Like most people, I’m usually excited about a New Year, but the last few have been bittersweet.  I learned a lot during the year, and letting go isn’t easy.  However, to fully access the new, I must let go of the old.  That’s something to keep in mind as January opens: To reach the highest, best version of ourselves, we have to release the old; abandon all our heavy things so we can climb higher.   This includes things that aren’t dreadful—just distracting.  Or stationary.  Going higher always requires separation from anything unmovable. 

That’s an uncomfortable truth that I’ve been pondering for weeks.  And I’ve discovered that from Moses to Mary, the most incredible, world-changing events began with separation.  More uncomfortable truth.  For many of us, “separation” is just another word for “loneliness”.  And who wants to be alone?

See, in the crowd’s noise, among the “followers”, we can hide or be anything we want—it’s fantastic.   Except, history doesn’t really support the idea that God enjoyed the crowd scene.  From Samuel to Saul/Paul, from David to Elisha, God found and worked mightily through separated people (miscellaneous farm animals notwithstanding).  Some say it’s the “chosen” few that He calls.  That’s comforting, perhaps, but not quite true.  “Many are called”.  Many.  But we must get to the place where we can hear that call and, like Moses and Mary, say “Here I am”—then go change the world.

As we exit 2018, I pray for us the courage to leave behind whatever God asks of us, and climb to that Kingdom place where our Father has need of us.  We may go with watery eyes and heavy hearts.  But I pray we’ll go anyway, believing His Promise to multiply what we’ve given up for His sake (Mark 10: 29-30), and knowing the most comforting Truth there is: we’re never alone.  Just as He was with Moses and Mary—God is with us. (Exodus 3:12; Luke 1:28)

A blessed and Spirit-led 2019 to us all!

Crayons for Christmas

I remember when I was about 6 or 7, how exciting it was to get coloring books and crayons for Christmas—especially that glorious box of 64.  With 3 siblings, man, that mega box was the gift that kept on giving. So by the time another Christmas rolled around, most crayons were long gone, others barely-visible stubs.  But there was always a handful that was literally untouched.  (I’m talking about you, green yellow.  And you, blue gray.)  I wanted vibrant, pretty pictures.  “Blue gray” was as far from that as you could get.  So year after year it got thrown out, branded as dull—until a few years ago, when I saw it used in interior design.  I fell in love with that room, with its artistic and calming qualities.  Admitting I may have been shortsighted in childhood, I welcomed a new respect for the color.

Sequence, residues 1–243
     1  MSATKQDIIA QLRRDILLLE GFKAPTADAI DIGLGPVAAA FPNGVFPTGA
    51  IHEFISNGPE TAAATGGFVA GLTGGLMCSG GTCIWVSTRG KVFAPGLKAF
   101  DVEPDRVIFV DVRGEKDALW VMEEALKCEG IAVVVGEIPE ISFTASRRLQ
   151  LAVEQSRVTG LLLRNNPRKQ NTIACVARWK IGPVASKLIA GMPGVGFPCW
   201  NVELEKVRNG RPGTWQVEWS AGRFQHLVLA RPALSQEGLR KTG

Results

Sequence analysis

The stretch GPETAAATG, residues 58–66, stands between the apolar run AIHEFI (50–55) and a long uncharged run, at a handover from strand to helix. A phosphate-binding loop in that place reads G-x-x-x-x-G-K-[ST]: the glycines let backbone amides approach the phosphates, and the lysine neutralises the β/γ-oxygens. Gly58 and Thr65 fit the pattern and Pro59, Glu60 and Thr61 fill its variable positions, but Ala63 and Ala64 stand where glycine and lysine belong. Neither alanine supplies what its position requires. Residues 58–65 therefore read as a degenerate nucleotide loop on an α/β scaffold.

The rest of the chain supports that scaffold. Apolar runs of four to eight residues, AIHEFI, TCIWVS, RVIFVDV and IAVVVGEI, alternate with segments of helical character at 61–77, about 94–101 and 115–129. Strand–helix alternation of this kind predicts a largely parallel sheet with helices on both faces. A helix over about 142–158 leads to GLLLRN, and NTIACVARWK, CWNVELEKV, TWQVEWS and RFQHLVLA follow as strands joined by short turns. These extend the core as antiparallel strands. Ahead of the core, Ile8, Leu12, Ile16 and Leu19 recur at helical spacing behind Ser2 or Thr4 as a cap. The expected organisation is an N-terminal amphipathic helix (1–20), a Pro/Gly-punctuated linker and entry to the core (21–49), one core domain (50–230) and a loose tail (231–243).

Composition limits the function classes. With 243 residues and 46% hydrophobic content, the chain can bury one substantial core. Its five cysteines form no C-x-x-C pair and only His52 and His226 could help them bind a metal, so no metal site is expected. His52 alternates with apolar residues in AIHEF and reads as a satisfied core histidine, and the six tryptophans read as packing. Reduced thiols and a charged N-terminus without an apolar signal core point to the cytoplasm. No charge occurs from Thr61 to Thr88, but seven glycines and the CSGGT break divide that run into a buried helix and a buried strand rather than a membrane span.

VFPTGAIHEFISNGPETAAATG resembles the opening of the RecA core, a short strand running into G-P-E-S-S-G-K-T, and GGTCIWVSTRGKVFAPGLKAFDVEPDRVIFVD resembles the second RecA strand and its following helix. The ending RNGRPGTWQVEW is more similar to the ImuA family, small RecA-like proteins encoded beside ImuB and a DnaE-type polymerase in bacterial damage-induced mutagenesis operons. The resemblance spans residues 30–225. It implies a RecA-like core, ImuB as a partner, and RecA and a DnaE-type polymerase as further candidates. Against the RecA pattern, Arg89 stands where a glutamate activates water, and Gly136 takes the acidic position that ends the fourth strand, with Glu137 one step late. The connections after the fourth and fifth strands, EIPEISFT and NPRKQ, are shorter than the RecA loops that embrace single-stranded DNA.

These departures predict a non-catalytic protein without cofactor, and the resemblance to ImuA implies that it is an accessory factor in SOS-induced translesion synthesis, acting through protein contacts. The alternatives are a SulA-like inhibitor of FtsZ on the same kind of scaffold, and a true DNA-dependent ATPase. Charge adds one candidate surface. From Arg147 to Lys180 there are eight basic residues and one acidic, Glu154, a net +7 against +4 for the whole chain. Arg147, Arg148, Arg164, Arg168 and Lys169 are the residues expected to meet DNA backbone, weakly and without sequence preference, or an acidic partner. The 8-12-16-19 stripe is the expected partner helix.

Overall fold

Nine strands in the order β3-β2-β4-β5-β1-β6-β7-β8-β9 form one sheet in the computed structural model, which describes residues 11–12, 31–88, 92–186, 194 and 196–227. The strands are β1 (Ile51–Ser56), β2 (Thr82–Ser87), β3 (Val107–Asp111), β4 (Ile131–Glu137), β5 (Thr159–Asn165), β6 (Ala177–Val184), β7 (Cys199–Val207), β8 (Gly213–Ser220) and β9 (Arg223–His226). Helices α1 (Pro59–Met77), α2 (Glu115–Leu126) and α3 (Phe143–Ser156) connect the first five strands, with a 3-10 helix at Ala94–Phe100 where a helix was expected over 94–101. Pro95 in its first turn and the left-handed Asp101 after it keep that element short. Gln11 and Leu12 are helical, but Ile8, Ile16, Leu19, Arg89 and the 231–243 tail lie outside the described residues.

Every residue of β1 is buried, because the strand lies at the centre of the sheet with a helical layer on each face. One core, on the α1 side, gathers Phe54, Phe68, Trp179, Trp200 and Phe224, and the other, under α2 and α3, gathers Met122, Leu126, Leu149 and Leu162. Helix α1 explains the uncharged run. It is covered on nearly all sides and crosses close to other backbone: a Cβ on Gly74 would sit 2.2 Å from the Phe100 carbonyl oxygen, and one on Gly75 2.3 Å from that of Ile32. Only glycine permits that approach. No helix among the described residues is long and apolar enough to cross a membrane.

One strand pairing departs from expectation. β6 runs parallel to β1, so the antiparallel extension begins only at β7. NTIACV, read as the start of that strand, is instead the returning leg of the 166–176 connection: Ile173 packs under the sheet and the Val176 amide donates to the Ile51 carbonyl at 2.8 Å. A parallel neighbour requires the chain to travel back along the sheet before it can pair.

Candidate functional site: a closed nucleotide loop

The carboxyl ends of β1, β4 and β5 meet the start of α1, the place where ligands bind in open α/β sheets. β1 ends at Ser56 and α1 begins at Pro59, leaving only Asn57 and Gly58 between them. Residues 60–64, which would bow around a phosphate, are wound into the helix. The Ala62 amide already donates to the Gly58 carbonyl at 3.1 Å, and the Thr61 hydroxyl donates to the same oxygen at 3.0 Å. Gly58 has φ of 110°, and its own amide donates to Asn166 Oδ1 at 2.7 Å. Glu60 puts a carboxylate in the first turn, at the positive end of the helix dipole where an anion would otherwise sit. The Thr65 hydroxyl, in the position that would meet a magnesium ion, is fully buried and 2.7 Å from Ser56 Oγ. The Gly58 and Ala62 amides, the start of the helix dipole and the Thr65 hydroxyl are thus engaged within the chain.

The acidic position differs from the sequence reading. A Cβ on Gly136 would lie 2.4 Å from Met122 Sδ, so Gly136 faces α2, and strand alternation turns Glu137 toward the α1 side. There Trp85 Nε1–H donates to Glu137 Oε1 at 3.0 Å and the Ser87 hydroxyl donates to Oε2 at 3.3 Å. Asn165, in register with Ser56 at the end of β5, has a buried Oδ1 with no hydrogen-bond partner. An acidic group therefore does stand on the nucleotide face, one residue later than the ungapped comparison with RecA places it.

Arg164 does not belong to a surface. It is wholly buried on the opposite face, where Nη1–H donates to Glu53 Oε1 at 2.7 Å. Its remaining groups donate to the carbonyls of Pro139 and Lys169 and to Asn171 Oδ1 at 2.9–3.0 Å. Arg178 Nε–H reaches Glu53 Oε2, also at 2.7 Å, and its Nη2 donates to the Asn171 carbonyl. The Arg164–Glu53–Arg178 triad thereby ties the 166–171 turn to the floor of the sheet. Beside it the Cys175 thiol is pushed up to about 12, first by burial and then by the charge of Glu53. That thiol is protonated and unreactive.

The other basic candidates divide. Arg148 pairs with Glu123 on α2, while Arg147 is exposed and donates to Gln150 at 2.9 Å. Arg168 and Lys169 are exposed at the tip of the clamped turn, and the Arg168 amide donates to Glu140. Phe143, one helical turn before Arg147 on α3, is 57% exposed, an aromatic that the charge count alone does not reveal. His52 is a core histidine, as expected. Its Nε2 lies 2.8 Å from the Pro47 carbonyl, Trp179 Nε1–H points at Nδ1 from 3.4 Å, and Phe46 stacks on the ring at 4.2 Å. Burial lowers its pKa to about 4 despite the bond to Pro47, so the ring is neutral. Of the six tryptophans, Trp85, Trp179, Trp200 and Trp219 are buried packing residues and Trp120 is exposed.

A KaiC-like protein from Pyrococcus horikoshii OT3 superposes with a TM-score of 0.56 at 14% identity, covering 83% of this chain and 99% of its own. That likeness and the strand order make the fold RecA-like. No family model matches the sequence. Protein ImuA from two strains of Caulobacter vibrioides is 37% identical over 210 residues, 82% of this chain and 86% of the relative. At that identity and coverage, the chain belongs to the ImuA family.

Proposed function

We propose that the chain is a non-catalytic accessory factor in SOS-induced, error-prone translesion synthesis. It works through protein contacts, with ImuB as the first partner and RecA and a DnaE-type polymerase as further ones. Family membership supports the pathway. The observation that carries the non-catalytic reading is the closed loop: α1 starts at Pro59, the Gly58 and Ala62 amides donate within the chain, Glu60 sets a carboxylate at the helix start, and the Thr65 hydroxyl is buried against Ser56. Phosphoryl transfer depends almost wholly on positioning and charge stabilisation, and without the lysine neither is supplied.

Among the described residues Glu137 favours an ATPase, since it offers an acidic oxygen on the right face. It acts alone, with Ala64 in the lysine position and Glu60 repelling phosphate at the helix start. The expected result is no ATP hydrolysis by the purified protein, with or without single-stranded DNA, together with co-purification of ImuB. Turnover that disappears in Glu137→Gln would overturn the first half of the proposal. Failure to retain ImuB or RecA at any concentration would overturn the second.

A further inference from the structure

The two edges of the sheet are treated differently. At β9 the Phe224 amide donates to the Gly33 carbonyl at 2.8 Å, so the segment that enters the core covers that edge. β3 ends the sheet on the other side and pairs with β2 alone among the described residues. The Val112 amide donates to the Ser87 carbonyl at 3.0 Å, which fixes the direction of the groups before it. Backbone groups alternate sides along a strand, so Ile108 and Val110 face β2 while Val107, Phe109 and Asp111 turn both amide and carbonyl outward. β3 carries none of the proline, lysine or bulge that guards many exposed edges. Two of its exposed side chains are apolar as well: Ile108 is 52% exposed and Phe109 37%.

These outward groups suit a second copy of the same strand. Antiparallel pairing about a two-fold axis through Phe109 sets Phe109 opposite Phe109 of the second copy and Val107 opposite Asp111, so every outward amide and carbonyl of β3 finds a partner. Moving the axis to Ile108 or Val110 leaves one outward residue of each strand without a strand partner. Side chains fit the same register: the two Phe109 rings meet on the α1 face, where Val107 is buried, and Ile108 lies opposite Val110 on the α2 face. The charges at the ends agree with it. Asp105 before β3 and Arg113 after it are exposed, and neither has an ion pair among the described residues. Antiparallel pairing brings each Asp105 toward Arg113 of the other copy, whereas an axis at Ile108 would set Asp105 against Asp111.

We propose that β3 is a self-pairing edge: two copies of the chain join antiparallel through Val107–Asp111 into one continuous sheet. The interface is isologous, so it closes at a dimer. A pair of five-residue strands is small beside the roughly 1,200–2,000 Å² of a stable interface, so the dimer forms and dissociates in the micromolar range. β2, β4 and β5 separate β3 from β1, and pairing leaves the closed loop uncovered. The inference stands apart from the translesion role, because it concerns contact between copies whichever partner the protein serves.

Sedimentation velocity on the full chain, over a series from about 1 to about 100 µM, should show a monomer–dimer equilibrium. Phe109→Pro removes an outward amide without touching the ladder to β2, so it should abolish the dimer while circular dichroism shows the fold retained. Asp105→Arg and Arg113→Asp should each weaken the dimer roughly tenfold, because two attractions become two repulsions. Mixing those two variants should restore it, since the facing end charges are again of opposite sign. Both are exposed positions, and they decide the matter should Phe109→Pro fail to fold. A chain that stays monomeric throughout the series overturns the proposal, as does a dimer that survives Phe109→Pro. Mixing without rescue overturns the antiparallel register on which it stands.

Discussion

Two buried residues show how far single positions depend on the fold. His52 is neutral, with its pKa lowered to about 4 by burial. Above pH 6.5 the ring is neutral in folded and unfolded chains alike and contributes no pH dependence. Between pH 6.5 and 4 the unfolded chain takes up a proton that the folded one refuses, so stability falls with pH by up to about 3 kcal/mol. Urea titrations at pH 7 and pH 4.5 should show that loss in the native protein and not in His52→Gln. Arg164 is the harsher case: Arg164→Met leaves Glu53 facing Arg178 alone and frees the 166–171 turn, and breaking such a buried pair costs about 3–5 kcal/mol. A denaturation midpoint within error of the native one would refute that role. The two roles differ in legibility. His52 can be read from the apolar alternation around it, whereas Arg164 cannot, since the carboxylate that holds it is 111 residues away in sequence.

We can get shortsighted with life, too.  Sure, we’d like every day to be vibrant and pretty, but the mundane and overcast days are valuable, too—maybe we just don’t see it yet.  My prayer, as we get ready to pack this year away, is that we’ll value the lessons of every blue gray day we’ve had. Because chances are, those days taught and matured us more than fuchsia ever could.  I pray we’ll go into the new year, ready to see purpose in EVERY crayon this mega box will offer.

“And we know that ALL things work together for good to them that love God, to them who are the called according to His Purpose.” Romans 8:28

Merry Christmas!

The Squeaking Wheel

Lately, famous people are making depression famous; they’re getting the message out: mental health isn’t an age, gender or “class” issue.  It’s an equal-opportunity predator.  A famous one.  So maybe now more people can feel okay about getting help. Here’s the problem: not everyone can admit they need help.  The root of that might be that we don’t trust people—which seems wise.  We won’t risk sharing a burden with a blabbermouth. Not even a burden that’s killing us.

We just don’t want people talking about us.   That’s a little odd, though.  Because we make sure they do.  We post the posed and perfected pics, creating and ‘marketing’ the life most likely to get commented on and ‘liked’.  But I can’t recall any ‘Worst day ever’ collages.  They’d get comments, too, right?  Maybe that’s the real root: Exposing our truth means losing control of the narrative, of what we want people to say.  We’d rather die miserable than mask-free.  Literally.

Years ago, a colleague justified complaining by saying: “It’s the squeaking wheel that gets the oil.”   I’m not big on complaining, but there’s truth here.  Perhaps we stay stuck in mourning, because we don’t squeak; we don’t signal the person who’s got our oil (Isaiah 61:3).  And we miss a chance to get help—and to help someone else who’s struggling; someone who’ll never squeak alone.  So, maybe the famous people have the right idea.  But maybe the most helpful message will come from someone we go to school and church with, someone we talk to everyday.  Someone who can pause the pretense long enough to admit imperfection and struggle, who’ll tell the kind of truth that can set us all free.